Tottaly agree with RA AH

greg 4 years ago

And the victim becomes the guilty?
If every Inman shouted out that this is an atrocity, if every one of their friends tell them that what they are doing is not in the name of religion, if every parent warned them that all those heinous crimes you will all go to hell. Then I am sure many of them will not be misled down this deviant path.
Then perhaps it will stop. It is not just the attacks in Paris, a lot of the Arab world is in turmoil with death, rape, destruction, enslavement, one sec vs another etc. all in the name of religion. This is not what Islam is about and this is what everyone should be telling the youth.
Unless we get to grips with this it will it will not stop.
The UN enshrines the right to free speech. It may be unpleasant but it is there for a reason.

whatever 4 years ago

RA AH
"Unfortunate" is not how any sane person would describe the pure cold, clinical murder of defenceless people.

If you start with that falsehood, then there will never be a way forward.

I cry for my countrymen/women.
We are all Charlie Hebdo after this atrocity.

Mike55 4 years ago

A disgusting position to take – you're effectively saying that the victims of this perversion deserved what they got.

If people were more confident in their self-held beliefs, weren't so quick to take offence over every perceived slight, and didn't insist on imposing their dogma on others, we wouldn't be constantly witnessing 'unfortunate' events of this sort.

Is their faith of these cowardly terrorists really so weak that it can be shaken by a cartoon?

JeSuisCharlie 4 years ago

What a senseless post. And once again we see how in your view the people pulling the trigger are not really to blame.
You and the people like you can not tolerate any form of freedom and will not stop until you get all of us to follow in your dark joyless world.
Shame on you.

Mike55 4 years ago

A disgusting position to take – you're effectively saying that the victims of this perversion deserved what they got.

If people of this sort weren't so quick to take offence over every perceived slight, and didn't insist on imposing their dogma on others, we wouldn't be constantly witnessing 'unfortunate' events of this sort.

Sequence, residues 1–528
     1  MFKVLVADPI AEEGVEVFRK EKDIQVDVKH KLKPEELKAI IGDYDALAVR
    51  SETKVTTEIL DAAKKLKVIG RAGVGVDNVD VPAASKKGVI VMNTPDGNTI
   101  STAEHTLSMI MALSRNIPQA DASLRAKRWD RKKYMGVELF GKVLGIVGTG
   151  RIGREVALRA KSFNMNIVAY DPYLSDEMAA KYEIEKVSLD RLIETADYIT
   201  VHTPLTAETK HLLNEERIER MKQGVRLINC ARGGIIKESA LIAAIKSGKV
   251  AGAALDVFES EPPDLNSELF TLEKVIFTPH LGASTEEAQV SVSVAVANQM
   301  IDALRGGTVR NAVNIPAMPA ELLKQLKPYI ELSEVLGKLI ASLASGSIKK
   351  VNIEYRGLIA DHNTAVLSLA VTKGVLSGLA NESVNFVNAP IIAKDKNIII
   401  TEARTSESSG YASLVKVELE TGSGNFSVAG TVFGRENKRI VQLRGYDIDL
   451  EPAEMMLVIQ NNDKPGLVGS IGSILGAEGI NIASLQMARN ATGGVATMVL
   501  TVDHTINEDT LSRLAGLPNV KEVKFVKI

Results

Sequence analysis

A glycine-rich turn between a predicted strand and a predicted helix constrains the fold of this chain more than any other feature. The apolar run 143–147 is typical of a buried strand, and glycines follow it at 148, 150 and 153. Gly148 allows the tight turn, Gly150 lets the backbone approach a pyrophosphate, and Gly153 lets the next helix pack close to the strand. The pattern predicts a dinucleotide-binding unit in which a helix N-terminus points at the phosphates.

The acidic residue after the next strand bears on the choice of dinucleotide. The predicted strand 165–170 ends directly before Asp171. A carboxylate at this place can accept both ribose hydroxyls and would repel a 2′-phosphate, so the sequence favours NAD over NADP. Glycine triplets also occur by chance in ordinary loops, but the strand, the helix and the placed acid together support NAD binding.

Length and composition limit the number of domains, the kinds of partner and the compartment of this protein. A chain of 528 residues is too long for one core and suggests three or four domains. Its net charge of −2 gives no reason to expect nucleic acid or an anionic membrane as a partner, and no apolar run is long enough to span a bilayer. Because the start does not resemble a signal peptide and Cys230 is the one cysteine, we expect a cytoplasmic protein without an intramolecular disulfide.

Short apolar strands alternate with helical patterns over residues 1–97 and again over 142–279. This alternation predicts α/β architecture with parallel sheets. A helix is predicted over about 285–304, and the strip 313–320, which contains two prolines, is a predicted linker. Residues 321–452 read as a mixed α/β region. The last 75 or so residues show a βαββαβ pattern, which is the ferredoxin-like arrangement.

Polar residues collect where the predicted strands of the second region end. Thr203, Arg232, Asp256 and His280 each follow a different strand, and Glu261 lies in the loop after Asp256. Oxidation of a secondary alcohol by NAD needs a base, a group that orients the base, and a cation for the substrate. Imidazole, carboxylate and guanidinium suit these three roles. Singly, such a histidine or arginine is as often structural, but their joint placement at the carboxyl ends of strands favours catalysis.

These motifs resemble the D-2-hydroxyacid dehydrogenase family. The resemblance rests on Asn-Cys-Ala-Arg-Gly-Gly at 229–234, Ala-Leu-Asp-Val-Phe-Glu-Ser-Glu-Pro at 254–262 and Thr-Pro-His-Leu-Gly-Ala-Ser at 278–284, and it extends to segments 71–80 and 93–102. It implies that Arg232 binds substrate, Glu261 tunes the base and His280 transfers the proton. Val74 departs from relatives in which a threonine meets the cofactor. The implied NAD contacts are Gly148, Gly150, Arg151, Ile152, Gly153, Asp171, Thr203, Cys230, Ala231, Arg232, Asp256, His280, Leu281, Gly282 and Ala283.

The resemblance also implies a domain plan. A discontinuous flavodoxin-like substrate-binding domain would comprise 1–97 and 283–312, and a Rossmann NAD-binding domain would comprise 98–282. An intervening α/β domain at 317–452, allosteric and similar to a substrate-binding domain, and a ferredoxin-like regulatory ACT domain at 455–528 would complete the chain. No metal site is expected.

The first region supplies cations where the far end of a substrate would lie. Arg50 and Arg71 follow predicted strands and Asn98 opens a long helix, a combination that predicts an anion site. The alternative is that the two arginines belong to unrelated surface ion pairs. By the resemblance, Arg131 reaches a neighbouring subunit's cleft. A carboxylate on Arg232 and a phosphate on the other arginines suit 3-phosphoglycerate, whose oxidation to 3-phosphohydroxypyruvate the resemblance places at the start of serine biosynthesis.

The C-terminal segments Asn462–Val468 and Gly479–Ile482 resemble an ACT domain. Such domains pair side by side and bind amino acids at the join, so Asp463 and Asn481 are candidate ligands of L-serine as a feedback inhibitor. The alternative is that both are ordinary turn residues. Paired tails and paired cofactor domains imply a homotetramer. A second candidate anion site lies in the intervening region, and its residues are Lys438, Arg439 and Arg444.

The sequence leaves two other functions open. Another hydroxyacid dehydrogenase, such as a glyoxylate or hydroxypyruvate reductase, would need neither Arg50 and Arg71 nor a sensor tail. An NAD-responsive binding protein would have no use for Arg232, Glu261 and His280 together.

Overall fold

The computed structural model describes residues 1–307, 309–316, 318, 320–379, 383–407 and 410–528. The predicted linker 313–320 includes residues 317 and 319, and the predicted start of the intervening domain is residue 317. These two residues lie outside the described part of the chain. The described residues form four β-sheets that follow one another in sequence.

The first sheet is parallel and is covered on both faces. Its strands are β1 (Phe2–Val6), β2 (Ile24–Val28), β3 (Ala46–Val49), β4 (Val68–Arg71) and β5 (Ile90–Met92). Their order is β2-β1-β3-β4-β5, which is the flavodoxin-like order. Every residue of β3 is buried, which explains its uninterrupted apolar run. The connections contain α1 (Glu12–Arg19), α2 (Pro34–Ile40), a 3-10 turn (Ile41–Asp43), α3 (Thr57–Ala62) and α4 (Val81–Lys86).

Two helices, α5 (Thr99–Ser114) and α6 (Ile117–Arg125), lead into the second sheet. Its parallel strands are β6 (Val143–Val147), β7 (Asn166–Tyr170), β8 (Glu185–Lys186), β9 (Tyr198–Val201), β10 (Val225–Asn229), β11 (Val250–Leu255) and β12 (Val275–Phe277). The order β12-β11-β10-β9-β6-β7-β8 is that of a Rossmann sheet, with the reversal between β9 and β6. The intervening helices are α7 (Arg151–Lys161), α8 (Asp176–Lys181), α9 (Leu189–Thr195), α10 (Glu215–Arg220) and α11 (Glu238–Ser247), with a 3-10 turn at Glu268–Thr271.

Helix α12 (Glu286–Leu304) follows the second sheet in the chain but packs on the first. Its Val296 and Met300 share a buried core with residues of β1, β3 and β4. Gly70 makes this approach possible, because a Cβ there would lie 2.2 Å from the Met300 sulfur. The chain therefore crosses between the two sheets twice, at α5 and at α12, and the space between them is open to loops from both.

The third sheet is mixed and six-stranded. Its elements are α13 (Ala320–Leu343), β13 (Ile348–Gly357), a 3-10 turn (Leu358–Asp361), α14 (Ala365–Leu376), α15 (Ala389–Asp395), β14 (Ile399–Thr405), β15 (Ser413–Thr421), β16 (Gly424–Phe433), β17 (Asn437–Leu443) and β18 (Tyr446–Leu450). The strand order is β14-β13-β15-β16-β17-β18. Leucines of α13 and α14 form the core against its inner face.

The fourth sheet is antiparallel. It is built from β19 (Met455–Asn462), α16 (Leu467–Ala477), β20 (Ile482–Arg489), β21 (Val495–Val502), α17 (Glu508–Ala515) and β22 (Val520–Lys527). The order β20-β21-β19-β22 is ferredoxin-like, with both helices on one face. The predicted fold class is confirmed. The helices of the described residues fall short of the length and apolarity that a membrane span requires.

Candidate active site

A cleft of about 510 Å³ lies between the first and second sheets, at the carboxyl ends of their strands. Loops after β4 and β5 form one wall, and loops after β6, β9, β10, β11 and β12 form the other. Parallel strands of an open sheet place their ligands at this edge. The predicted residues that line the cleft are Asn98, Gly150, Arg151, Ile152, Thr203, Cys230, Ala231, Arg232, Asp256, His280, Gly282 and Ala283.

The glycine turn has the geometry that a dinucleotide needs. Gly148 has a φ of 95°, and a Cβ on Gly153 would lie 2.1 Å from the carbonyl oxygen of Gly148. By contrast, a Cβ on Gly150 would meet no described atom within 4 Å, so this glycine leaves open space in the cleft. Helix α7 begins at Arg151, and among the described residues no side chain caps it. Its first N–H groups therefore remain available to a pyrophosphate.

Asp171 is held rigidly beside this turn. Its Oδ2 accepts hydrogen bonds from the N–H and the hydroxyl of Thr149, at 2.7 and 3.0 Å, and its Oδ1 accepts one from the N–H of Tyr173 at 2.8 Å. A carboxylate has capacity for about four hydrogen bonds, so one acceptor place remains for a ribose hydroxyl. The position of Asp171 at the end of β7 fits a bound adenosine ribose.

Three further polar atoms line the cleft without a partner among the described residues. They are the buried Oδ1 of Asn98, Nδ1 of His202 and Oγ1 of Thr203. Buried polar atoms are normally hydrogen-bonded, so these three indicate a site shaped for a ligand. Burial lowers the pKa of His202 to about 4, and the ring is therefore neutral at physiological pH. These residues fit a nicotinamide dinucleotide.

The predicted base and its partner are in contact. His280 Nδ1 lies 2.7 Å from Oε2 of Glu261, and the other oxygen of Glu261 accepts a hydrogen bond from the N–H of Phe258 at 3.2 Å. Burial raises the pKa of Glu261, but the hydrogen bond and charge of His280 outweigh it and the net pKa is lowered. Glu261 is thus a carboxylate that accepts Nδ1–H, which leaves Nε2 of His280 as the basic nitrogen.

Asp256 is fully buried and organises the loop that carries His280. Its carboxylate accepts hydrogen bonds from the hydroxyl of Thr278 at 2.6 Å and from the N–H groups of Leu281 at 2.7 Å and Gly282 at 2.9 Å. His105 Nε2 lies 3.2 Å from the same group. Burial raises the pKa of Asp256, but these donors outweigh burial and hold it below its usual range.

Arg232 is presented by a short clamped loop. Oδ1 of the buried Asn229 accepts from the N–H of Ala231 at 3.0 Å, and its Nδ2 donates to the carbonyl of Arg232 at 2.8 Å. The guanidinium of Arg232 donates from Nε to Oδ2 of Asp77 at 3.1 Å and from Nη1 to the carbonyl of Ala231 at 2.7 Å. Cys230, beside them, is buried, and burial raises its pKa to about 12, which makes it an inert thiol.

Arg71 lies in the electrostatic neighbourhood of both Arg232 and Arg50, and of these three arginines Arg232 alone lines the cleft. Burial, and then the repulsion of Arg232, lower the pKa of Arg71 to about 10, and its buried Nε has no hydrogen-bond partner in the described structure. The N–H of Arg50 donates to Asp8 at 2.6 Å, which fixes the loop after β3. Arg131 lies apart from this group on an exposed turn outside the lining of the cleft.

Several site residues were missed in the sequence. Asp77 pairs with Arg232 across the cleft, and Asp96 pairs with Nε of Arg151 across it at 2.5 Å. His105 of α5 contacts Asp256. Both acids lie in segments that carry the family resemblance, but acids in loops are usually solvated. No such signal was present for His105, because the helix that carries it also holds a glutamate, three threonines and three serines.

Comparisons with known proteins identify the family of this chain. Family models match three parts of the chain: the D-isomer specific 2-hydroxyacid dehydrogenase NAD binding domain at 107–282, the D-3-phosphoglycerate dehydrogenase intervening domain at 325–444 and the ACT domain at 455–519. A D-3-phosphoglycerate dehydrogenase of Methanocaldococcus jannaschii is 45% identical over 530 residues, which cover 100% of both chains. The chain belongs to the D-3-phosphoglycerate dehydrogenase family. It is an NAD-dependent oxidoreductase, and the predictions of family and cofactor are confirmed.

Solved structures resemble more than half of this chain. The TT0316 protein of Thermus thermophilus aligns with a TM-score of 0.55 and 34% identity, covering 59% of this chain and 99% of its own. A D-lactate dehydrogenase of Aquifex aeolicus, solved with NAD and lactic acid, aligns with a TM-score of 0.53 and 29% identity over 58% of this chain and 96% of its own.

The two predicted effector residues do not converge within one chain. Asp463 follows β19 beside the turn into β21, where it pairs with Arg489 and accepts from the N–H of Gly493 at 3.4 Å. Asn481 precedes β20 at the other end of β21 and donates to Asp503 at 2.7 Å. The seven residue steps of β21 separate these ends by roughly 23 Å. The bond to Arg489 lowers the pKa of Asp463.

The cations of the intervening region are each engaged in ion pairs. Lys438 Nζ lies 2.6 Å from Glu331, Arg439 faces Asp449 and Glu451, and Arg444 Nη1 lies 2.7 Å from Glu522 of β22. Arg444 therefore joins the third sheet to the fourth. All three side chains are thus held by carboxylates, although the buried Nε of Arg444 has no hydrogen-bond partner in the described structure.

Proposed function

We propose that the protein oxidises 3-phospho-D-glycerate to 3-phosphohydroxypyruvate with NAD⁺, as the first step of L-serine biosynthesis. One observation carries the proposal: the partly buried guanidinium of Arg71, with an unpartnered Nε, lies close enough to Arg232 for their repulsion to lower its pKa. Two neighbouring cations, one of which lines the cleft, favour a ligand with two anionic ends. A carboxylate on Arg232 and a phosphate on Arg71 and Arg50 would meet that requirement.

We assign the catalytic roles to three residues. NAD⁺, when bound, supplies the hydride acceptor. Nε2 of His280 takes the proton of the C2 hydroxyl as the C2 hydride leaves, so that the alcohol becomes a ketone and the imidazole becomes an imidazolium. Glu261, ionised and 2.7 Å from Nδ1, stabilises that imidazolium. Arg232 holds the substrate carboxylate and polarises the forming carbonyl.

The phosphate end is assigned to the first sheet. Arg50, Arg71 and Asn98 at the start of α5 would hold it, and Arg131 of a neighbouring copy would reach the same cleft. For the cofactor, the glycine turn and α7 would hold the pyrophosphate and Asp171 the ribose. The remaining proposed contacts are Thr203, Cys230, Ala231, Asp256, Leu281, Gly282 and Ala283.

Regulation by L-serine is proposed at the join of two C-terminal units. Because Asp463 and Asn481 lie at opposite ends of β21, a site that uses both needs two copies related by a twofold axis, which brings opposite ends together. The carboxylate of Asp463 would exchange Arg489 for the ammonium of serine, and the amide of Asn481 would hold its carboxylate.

Is the faith of these cowardly terrorists really so weak that it can be shaken by a cartoon?

Hamaza Ali 4 years ago

This is Barbaric any way you look at it, the result of Dogma and limited Intellectual capacity in my opinion. Freedom of Speech is an inherent right." Je suis Charlie".

JeNeSuisPasCharlie 4 years ago

This is a savage act that must be punished. There is no excuse to the senseless murder of innocent people regardless of the reason. I hope the authorities punish those murders by the capital punishment.

But do not disguise hate, racism, discrimination, and sexism with freedom of speech. There was clearly a problem and I am utterly against terrorism to use this barbaric act. But lets not all forget all the innocent people dying including the Syrian refugees from harsh conditions and depravity of basic human rights of food and water. The media is biased and it seems some lives are valued more than others


May he rest in peace...but peace is certainly not what he intended

Omar 4 years ago

There are a lot of factors that can drive people to commit extremely barbaric acts. Whether its laid off postal workers, bullied school kids, or members of religious minorities, emphasis needs to be placed on the causative factors that lead them to such acts.

There are a lot of factors that can drive people to commit extremely barbaric acts. Whether its laid off postal workers, bullied school kids, or members of religious minorities, emphasis needs to be placed on the causative factors that lead them to such acts. That said it is my personal opinion that, whilst we all support free speech, some "free Speech" can be disrespectful, and incite hatred. Republishing what in effect is disrespectful and insulting cartoons (politely termed "lampoons") is not the way to demonstrate commitment to free speech. I find it disappointing that whilst everyone reiterates their commitment to free speech no one also mentions that such cartoons are distasteful and hateful towards a particular religion.